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Nurse fatigue

Let’s work together to solve long hours and nurse fatigue


NURSE FATIGUE may seem inevitable in many healthcare environments, with a portion of registered nurses (RNs) consistently working past their normal shifts—jeopardizing their own health and potentially crossing the line between safe and unsafe care.

Addressing fatigue is particularly relevant as the American Nurses Association (ANA) continues its yearlong campaign to help nurses achieve a culture of safety in their work settings. The theme of the campaign, Safety 360 Taking Responsibility Together, also reinforces the overarching message of a 2014 ANA position statement that calls for RNs and their employers to work collaboratively to reduce the risks of nurse fatigue and sleepiness associated with shiftwork and long hours.

By definition, nursing care is an around-the-clock requirement, but how we’ve divided those 24 hours has changed over time. When I was a critical-care staff nurse, I worked both 8- and 12-hour shifts and saw the benefits of each. Nursing staff were vigilant to ensure everyone got rest and meal breaks and completed their work on time. In recent interactions with nurses as ANA president, I’ve talked with those who say they can manage their workload efficiently and would never give up their 12-hour shifts. However, I’m also aware of evidence revealing that others often work past their shifts and get no downtime, which exacerbates fatigue. Of the 9,506 nurses who responded to ANA’s ongoing Health Risk Appraisal between October 2013 and January 2016, 57% reported working through breaks to complete their assigned workload and close to 60% came in early or stayed late.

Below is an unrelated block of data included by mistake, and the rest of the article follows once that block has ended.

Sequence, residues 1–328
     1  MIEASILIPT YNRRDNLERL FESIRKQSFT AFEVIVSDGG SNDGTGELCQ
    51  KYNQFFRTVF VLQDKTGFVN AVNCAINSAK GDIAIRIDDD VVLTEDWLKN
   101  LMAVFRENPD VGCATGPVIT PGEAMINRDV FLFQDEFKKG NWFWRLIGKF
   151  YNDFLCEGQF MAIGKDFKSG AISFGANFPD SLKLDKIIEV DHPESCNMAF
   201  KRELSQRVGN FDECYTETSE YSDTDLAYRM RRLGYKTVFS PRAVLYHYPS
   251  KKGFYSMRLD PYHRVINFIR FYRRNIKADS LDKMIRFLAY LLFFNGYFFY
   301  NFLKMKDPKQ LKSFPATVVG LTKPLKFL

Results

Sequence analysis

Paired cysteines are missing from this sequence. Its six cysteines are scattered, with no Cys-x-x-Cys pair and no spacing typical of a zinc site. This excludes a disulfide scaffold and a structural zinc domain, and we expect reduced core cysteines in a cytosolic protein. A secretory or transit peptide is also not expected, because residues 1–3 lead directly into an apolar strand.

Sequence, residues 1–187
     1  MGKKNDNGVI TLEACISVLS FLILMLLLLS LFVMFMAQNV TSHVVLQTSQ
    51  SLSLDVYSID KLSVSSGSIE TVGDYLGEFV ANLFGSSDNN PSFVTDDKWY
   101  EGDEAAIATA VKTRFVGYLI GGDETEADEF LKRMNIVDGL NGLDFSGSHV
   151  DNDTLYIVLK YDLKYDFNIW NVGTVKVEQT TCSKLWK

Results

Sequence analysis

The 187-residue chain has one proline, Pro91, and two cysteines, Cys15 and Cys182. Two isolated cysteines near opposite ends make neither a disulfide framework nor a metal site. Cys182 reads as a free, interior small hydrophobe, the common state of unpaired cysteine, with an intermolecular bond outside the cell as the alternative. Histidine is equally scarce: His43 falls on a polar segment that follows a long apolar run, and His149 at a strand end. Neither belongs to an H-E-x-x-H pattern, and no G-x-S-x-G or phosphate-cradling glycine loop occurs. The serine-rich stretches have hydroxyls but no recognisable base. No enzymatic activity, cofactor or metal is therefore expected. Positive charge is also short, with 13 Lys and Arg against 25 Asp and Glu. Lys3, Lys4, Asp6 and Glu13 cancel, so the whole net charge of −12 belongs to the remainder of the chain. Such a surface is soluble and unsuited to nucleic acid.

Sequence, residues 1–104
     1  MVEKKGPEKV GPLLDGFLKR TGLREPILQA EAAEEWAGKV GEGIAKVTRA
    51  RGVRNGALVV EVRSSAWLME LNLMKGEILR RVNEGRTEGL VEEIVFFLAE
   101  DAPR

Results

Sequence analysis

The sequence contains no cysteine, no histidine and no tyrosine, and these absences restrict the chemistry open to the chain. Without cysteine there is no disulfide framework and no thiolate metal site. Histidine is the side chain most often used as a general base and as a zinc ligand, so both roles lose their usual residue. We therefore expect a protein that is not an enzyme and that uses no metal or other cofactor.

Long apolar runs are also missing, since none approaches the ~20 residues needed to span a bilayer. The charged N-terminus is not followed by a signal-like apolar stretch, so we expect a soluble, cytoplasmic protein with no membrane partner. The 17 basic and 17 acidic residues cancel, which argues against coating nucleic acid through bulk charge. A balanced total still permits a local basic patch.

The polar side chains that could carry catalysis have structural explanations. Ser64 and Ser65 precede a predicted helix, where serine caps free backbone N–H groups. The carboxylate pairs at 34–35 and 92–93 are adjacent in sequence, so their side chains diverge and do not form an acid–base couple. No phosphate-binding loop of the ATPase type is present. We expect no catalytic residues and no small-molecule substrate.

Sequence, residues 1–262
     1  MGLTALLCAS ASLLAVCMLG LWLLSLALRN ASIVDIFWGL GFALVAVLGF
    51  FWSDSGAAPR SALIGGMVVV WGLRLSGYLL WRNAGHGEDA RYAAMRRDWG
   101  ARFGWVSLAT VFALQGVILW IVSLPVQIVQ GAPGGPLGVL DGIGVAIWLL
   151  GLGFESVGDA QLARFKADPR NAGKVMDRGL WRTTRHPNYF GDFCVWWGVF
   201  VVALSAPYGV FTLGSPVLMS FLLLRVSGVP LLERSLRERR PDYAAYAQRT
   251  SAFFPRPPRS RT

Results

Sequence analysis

A large study conducted in 12 European countries by Linda Aiken, PhD, RN, FAAN, and colleagues, published last year in the British Medical Journal, concluded that shifts lasting 12 hours or longer can cause nurse burnout and other adverse outcomes and, in turn, pose safety risks for patients. In a study led by Alison Trinkoff, ScD, RN, FAAN, published in Nursing Research in 2011, patient mortality was higher when nurses worked long hours or didn’t have enough time away from work. It’s our responsibility to align our work practices to the evidence.

ANA’s position statement “Addressing Nurse Fatigue to Promote Safety and Health: Joint Responsibility of Registered Nurses and Employers to Reduce Risk” outlines many strategies, including limiting shifts to 12 hours or less a day and reducing the number of hours worked in a week to 40 or less. (For ANA resources on fatigue, including a new webinar on the effects of shiftwork, visit www.nursingworld.org/fatigue.)

Knowing nurses’ reluctance to abandon 12-hour shifts, what can we do to help all nurses manage their workloads effectively within those hours? Solutions include:

• raising our advocacy to ensure optimal staffing on all units and calling on all employers to implement safe staffing and policies that support rest breaks

• getting peers to commit to the shared value of promoting breaks

• helping nurses overcome their reluctance to having others cover their patients temporarily

• mentoring less-experienced nurses to achieve better time management

• creating a plan in which nurse managers and other clinicians can more easily lend a hand when needed.

If you have other models that work, please share them with ANA at healthy.work@ana.org

I also urge all nurses to be assertive about their schedules by making sure they have enough downtime between shifts, working with peers and managers to ensure scheduling rules are followed, and speaking up when fatigue and scheduling are jeopardizing the health and safety of themselves and their patients. Working past your shift should be reserved for emergencies.

If we cannot successfully contain work within 12 hours, it may be time to develop alternatives that are evidence-based, will reduce RN fatigue, and promote safe patient care. Whatever the ideal number of hours may be, nurses and healthcare organizations must work collaboratively to find a solution that leaves no one at risk.

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